Two rent-regulated tenants in two aging walkup buildings in Lenox Hill — along with the state’s Division of Housing and Community Renewal — are holding up demolition of the two buildings, which property owner Gatsby Enterprises is seeking to tear down to clear the way for a 134-unit residential tower at 142 East 71st Street.
The family-owned Gatsby Enterprises, which includes Nader Ohebshalom as an executive, filed plans in January 2022 for the 21-story mixed-use building. The city has not yet permitted the plans.
And that project can’t start construction until two 16-unit buildings at 1343 Second Avenue and 1347 Second Avenue, are demolished. Gatsby filed plans in April 2020 to demolish the rental buildings, and the city’s Department of Buildings agreed to the plans, but the state’s DHCR has not given a final approval. It says it needs additional information, which Gatsby claims it has already provided. Gatsby through the owner entity 71st Street Properties LLC, filed two suits in New York State Supreme Court yesterday, seeking a judge’s order requiring the state to make their final decision. 1343 LINK 1347 LINK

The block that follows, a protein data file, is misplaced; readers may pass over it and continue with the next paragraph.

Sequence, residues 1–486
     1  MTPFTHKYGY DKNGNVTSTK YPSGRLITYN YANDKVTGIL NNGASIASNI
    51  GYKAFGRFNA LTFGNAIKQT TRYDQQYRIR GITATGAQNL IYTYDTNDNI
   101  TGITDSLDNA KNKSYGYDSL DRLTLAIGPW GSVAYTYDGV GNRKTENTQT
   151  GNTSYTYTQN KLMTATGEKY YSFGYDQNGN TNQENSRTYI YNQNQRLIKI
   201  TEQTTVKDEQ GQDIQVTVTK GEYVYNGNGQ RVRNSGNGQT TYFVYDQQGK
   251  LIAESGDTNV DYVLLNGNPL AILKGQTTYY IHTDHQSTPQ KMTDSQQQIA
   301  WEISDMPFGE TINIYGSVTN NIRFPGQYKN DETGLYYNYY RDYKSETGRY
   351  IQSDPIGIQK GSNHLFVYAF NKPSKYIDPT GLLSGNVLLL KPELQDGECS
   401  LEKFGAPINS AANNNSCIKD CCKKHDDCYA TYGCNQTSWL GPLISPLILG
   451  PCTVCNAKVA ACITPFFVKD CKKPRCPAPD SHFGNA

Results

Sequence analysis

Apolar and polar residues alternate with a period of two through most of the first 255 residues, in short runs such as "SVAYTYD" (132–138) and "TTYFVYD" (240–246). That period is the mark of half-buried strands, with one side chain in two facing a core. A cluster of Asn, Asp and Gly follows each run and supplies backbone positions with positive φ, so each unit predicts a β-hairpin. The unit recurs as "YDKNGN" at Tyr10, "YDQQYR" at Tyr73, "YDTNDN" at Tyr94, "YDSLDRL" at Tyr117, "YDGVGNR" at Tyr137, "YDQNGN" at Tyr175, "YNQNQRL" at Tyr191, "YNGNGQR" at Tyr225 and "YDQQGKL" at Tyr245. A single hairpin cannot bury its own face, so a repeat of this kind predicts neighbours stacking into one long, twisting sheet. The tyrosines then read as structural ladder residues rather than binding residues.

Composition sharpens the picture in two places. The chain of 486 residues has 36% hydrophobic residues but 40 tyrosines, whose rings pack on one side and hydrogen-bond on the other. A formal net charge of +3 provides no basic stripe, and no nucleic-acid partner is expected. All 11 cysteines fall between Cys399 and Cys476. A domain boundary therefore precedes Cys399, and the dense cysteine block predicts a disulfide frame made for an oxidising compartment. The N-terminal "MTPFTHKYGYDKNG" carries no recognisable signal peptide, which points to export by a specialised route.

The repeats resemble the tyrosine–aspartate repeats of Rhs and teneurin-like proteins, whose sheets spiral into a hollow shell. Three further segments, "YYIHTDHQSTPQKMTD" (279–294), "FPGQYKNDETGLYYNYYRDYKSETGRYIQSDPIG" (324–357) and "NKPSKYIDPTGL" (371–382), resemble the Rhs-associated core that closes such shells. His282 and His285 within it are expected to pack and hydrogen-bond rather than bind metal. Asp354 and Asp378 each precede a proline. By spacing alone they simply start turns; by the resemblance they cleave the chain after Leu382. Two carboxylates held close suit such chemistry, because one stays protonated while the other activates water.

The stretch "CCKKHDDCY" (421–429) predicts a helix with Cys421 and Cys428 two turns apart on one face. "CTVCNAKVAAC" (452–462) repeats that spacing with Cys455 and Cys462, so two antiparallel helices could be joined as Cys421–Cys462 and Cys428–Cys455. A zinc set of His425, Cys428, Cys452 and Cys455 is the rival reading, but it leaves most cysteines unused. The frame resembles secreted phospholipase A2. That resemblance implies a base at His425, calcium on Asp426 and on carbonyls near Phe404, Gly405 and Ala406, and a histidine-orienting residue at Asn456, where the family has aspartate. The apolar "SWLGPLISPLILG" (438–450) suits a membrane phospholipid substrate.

The demolition of the two buildings with a total of 32 units, but only occupied by one tenant in each building, is being held up as a homeless and housing crisis grips the city, and bureaucratic demands extend the time and cost of development.
The state is delaying the decision at the same time as the tenant who lives in 1347 Second Avenue, through an attorney, claims the property is in poor repair, and the tenant is being harassed. Such delay as this is not uncommon, and PincusCo is reporting on this case as an example of a wider trend, not because there is a particular aspect to this case.
According to the attorney’s filing, “The Owner is doing everything possible to isolate [the tenant], intimidate her, and harass her into prematurely leaving her home. In this regard, the following is merely a few examples of Owner’s insidious behavior…” The litany of claims includes a non-locking door, a temporarily lowered fire escape ladder, heat and hot water issues, and more.
The Ohebshalom family alleges in the filings that, “It does not serve the public policy to maintain the existing mediocre apartments for the benefit of one tenant. A tenant’s self-interested desire to retain the affected unit for convenience is the type of conduct that contributes to the City’s housing shortage.”
The filings include quotes from housing officials, such as New York City Department of Housing Preservation and Development Commissioner Adolfo Carrión, who spoke at Bisnow’s New York Affordable Housing Conference on August 23, 2023, and who said, “We have an affordability crisis. It’s related to supply.”
And the filings quoted RuthAnne Visnauskas, president and CEO of the New York State Division of Homes and Community Renewal, as saying, “We’re really trying to control something, in some ways, that is multifactored and many of them are sort of uncontrollable.”